[High levels of high-sensitivity C-reactive protein and impaired autonomic activity in smokers].Turk Kardiyol Dern Ars. 2008 Sep; 36(6):368-75.TK
We investigated the relationship between high sensitivity C-reactive protein (hs-CRP) activity and autonomic nervous activity using heart rate variability in smokers.
The study consisted of 136 healthy subjects, including 66 smokers (35 women, 31 men; mean age 36 years) and 70 nonsmokers (43 women, 27 men; mean age 34 years). Serum samples were collected from all the subjects. Three-channel, 24-hr Holter monitoring was performed to derive the mean heart rate, standard deviation of normal NN intervals (SDNN), standard deviation of 5-minute mean NN intervals (SDANN), root mean square differences of successive NN intervals (RMSSD), high- (HF) and low- (LF) frequency power components, and the LF/HF ratio.
In smokers, the mean duration of smoking was 13.6+/-8.2 years (range 3 to 45 years), and the mean number of cigarettes consumed per day was 16.3+/-7.1 (range 5 to 40). Smokers exhibited significantly higher mean heart rate, hs-CRP and fibrinogen levels, mean platelet volume, white blood cell count, LF, and LF/HF ratio, with significantly lower SDNN, SDANN, RMSSD, and HF values. In smokers, hs-CRP was correlated with the number of cigarettes consumed per day, duration of smoking, fibrinogen level, mean platelet volume, white blood cell count, LF, and LF/HF ratio, and inversely correlated with HF, SDNN, and SDANN. Even smoking a single cigarette resulted in an acute, 0.07-fold increase in the hs-CRP level (p<0.0001). In linear regression analysis, both the number of cigarettes consumed per day (beta=0.52, p=0.011) and duration of smoking (beta=0.073, p<0.0001) had an independent effect on the hs-CRP level.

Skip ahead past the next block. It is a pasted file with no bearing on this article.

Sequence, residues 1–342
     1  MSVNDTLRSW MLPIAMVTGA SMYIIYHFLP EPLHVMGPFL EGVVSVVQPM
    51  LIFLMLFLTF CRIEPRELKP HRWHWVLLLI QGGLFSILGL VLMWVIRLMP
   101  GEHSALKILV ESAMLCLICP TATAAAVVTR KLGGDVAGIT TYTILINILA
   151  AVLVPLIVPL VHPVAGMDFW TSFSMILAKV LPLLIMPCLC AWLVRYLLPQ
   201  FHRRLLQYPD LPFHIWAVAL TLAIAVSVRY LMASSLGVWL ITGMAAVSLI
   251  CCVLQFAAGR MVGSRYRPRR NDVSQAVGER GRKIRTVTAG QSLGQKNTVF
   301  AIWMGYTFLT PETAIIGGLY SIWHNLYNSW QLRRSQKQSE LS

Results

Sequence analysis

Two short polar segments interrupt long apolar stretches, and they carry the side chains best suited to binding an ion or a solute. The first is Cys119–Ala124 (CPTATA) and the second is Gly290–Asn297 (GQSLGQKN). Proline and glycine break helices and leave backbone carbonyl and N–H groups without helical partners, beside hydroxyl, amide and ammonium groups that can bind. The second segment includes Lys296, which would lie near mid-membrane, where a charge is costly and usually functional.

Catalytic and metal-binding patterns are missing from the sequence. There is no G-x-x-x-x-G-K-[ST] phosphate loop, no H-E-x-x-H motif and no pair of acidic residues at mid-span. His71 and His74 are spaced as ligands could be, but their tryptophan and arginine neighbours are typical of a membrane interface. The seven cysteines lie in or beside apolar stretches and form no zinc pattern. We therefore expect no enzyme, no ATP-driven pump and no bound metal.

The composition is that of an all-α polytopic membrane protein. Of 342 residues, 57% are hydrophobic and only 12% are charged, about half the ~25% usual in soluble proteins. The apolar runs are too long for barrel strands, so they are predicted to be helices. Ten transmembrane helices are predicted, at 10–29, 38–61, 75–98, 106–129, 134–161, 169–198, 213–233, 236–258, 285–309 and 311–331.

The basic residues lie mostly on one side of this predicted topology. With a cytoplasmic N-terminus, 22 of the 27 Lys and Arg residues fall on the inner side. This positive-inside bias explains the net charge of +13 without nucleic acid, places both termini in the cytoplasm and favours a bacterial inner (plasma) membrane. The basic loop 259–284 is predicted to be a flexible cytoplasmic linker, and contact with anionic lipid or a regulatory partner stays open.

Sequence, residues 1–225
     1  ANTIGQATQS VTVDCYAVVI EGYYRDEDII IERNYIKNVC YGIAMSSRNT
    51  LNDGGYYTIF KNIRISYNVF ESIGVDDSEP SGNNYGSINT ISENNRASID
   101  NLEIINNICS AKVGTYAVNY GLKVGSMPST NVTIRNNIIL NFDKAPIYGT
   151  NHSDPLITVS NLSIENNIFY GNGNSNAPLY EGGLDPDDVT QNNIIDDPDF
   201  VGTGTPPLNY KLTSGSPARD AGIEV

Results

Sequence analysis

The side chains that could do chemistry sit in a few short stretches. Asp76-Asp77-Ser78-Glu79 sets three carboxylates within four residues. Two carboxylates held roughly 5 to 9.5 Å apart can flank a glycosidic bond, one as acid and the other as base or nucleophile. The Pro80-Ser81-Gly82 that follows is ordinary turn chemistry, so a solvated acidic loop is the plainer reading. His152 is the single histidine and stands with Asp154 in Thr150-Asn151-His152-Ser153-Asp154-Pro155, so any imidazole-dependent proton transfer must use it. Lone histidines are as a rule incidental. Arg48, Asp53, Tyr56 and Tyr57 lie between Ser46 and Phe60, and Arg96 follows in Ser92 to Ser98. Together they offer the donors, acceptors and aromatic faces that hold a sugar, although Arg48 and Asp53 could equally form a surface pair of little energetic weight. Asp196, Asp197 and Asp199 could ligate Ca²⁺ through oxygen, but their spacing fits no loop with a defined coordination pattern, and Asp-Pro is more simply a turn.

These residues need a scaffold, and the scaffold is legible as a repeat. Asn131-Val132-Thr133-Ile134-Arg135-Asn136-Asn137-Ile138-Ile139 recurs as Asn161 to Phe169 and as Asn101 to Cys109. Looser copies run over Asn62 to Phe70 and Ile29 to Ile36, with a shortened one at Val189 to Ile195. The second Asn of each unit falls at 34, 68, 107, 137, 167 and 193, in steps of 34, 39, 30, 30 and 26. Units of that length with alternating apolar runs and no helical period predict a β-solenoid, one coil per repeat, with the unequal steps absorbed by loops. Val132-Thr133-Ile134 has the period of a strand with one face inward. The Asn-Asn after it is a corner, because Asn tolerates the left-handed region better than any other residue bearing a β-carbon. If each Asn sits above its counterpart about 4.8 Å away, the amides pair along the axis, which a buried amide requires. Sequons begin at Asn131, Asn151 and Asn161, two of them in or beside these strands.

Smoking both impairs the sympathovagal balance and increases the hs-CRP activity in otherwise healthy smokers, the combination of which would probably contribute to a higher rate of cardiovascular events.